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Every Christian is a theologian. A theologian is someone with competency in the field of theology—the study of God and the teachings of Scripture. Although some Christians have gotten the idea that being a theologian is a bad thing—some seem to think it is a member of a professional class of academics who question the authority of God’s Word—all believers should commit themselves to knowing the Bible. We’ve got plenty of examples in the New Testament, which includes the apostles who quoted the Hebrew Bible frequently as well as the Bereans, who “searched the Scriptures daily” (Acts 17:11). 

The New Testament expects believers to wrestle with profound truths. The apostle Paul assumed the Corinthians would mature beyond a simple understanding of spiritual matters (1 Corinthians 3:1-3). He also stressed the importance of spiritual maturity to the Ephesians (Ephesians 4:11-16). Peter told his readers to long for spiritual milk but also indicated that they needed to “grow up into salvation” (1 Peter 2:2). The writer of Hebrews mentioned the need to advance beyond elementary doctrines (Hebrews 6:1). 

Simply put, every Christian should be a scholar of God’s Word. This is especially important when we examine the matter of celebrity theologians, who are anything but biblical experts. 

In March 2021, CNN host Don Lemon appeared as a guest on the television show “The View.” When asked about a recent statement against same-sex marriage issued by the Vatican, he had this to say:

I respect people’s right to believe in whatever they want to believe in their God. But if you believe in something that hurts another person or that does not give someone the same rights or freedoms, not necessarily under the constitution because this is under God, I think that’s wrong. And I think that the Catholic Church and many other churches really need to re-examine themselves and their teachings because that is not what God is about. 

God is not about hindering people or even judging people. And to put it in the context of race, I find that, you know, Dr. Luther King Jr. said the most segregated place on earth was 11:00 AM on a Sunday morning. So I think that religion and the pew keeps us from actually, they’re barriers from people actually getting to know each other. 

So I would say to the pope in the Vatican and all Christians or Catholics or whomever, whatever religion you happen to belong to out there, go out and meet people and try to understand people and do what the Bible and what Jesus actually said, if you believe in Jesus, and that is to love your fellow man and judge not lest ye be not judged. So, instead of having the pew hinder you, having the church hinder you, instead of being segregated in the church or among yourselves, go out and have a barbeque and meet people, and start breaking bread with people, and getting to know them.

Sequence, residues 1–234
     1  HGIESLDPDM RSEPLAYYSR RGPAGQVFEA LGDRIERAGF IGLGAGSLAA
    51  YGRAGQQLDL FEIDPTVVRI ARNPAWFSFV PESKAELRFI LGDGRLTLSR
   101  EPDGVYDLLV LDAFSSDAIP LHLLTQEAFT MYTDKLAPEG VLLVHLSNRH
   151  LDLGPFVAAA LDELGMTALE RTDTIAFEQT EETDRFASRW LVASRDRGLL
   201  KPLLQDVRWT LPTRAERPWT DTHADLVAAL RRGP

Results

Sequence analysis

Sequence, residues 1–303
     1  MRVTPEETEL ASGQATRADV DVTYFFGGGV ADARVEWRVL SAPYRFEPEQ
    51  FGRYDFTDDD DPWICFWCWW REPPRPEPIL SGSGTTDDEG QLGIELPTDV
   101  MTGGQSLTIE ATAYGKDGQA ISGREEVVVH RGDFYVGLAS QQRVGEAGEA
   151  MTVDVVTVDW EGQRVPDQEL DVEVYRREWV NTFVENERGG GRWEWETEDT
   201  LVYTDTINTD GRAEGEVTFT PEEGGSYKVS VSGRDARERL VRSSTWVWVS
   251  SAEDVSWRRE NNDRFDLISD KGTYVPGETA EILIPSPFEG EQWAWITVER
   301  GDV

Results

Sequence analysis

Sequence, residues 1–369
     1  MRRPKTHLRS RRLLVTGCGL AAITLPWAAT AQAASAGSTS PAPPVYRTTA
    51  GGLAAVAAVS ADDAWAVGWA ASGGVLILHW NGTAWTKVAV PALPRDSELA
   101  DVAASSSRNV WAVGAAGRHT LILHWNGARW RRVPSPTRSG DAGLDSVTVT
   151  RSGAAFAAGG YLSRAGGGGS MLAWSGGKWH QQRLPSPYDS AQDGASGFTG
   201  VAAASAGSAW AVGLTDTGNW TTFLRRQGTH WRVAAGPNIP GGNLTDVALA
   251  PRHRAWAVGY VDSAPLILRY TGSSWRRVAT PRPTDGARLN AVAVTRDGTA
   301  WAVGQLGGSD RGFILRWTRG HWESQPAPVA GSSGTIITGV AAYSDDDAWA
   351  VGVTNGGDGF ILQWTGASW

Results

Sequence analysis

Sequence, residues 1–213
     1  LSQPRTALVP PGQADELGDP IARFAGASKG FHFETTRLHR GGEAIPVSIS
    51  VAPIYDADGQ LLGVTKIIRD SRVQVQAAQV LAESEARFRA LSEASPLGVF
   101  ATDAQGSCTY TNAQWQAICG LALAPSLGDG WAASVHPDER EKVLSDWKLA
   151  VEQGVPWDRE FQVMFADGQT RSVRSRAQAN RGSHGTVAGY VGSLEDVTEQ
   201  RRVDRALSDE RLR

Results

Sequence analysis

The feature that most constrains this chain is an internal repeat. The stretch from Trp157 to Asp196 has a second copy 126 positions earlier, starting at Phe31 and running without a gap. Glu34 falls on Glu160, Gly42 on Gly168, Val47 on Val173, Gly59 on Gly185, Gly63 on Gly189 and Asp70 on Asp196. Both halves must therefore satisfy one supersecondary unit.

Lemon is no stranger to bad theology. In July 2020, he stated, “Jesus Christ, admittedly, was not perfect when he was here on earth” (contra Hebrews 4:15; 1 Peter 1:19; 2:22; 1 John 3:5). He isn’t alone. In April 2019, Alyssa Milano Quoted John 3:12 to support her defense of abortion. In lyrics to one of his songs, Kanye West said, “My Jesus likes sex, so he didn’t die a virgin.” We could cite examples that would number into the dozens, if not the hundreds, especially if we include talk show hosts like Bill Maher who routinely misread the text. 

Christians should immediately perk up when they hear falsehoods promoted by celebrity theologians. They’re not a terribly creative lot, so they have several features in common. We can see three of them in Lemon’s interview.  

  1. They typically misuse or misquote the Bible. Not only did Lemon misuse Matthew 7:1, but he also misquoted it. It almost takes work to get something that wrong. Examples of misuse are typically followed by lectures about how most Christians have misunderstood the verses in question and how they need to read their Bibles more (as President Barak Obama said after infamously mangling the text in a 2006 speech).
  2. They make bad analogies which sometimes lead to politically correct posturing. Advocates have tried to hitch the homosexual bandwagon to the civil rights movement for years (the non-religious have done the same thing with atheism, although not all atheists agree with this tactic). Lemon does much the same here, which effectively repudiates biblical authority and replaces it with social consciousness. Although Scripture clearly states that all people are equal (Galatians 3:26-29), it does not legitimize homosexuality (Romans 1:26-27; 1 Corinthians 6:9-10; 1 Timothy 1:10). 
  3. They are the architects of their worldview, not God. They abuse Scripture to make it look like God gives his approval to their personal choices. Citing passages from the Bible creates a spiritual veneer for a worldview that is fundamentally human-centered (proof-texting is king for bad theology). Lemon believes that a barbeque will solve racism and homophobia; in reality, applying God’s Word as it was intended will not only solve every human ill but reconcile humanity with its Creator. 

Christians have to be mindful of celebrity theologians. They’re even worse than celebrity politicians. The difference is that instead of lecturing their opponents about politics, they’re misrepresenting the Bible, insulting the God who authored it, and paving the way for others’ spiritual downfall.